Teach Your Dog to Wear a Coat

Julie Gordon All, Homepage blog, News & Events Leave a Comment

As the weather gets colder, your dog may need protective clothing, like a sweater or coat. Many small dogs have difficulty retaining body heat, and senior dogs are prone to underlying medical conditions that may make them more sensitive to the cold, including arthritis. Many rescue dogs come from warmer climates and need help acclimating to colder weather. However, while dogs may benefit from wearing a coat, they may not enjoy wearing one!

Polite Door Greetings

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Does the sound of the doorbell send your dog into a frenzy? It is natural for dogs to become overly excited when guests arrive. However, you can control the chaos by teaching your dog to be calm when the doorbell rings. The first step in teaching polite door greetings is to teach a few alternate behaviors that you want your dog to do when he hears the arrival sound. These should be simple behaviors that your dog knows well such as place, come, touch, get a toy, and go outside.

Helping a Dog That Jumps

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Have you ever been embarrassed by your dog jumping up to greet a stranger? Jumping is one of the most common challenges that pet parents face—it is also one of the most difficult behaviors to break. Dogs repeat behaviors that earn rewards, and jumping is often rewarded with attention from the person they are so eager to greet. To eliminate jumping from your dog’s repertoire, teach alternative and more appropriate ways to greet people, with four paws on the floor!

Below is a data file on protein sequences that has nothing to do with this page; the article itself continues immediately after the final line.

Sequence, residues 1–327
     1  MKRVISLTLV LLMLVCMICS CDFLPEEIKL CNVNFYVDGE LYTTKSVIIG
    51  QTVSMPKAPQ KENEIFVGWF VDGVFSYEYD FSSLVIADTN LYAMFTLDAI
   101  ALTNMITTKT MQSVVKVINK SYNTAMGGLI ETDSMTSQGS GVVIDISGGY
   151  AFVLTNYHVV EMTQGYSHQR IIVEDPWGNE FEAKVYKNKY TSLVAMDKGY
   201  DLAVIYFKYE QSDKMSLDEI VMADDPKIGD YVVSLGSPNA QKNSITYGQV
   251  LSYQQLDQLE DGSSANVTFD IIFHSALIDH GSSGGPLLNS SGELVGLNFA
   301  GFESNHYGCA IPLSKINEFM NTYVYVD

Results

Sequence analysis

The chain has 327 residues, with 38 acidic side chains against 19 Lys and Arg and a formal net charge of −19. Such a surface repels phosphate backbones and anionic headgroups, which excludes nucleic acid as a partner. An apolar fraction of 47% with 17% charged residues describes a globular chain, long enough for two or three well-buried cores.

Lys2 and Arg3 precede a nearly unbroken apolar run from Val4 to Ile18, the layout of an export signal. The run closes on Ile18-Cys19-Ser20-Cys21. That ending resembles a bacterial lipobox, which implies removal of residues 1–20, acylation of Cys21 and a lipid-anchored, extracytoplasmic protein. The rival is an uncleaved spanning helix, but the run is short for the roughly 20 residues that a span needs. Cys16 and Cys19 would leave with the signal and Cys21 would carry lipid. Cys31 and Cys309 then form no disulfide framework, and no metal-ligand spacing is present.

Voluntary Check-In and Recall

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Few things are more joyful than unclipping your dog’s leash to begin an outdoor adventure. Off-leash walks and hikes let you spend quality time together in nature and provide exercise, stimulation, and enrichment for your dog. But how do you keep your dog’s attention in the spring and summer when there are so many exciting new scents emerging? One way to help your dog pay attention to you is to teach the habit of “checking in.”

Multiple Dogs and Doors

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Doorways are exciting places for dogs—who knows what is waiting on the other side! As a result, many dogs get overly excited and rush the door, creating a danger for themselves as well as for whomever is entering. Door rushing can be a challenge to manage, especially if you have multiple dogs and your door is constantly revolving. Fortunately, there are simple ways to prevent door-rushing behavior.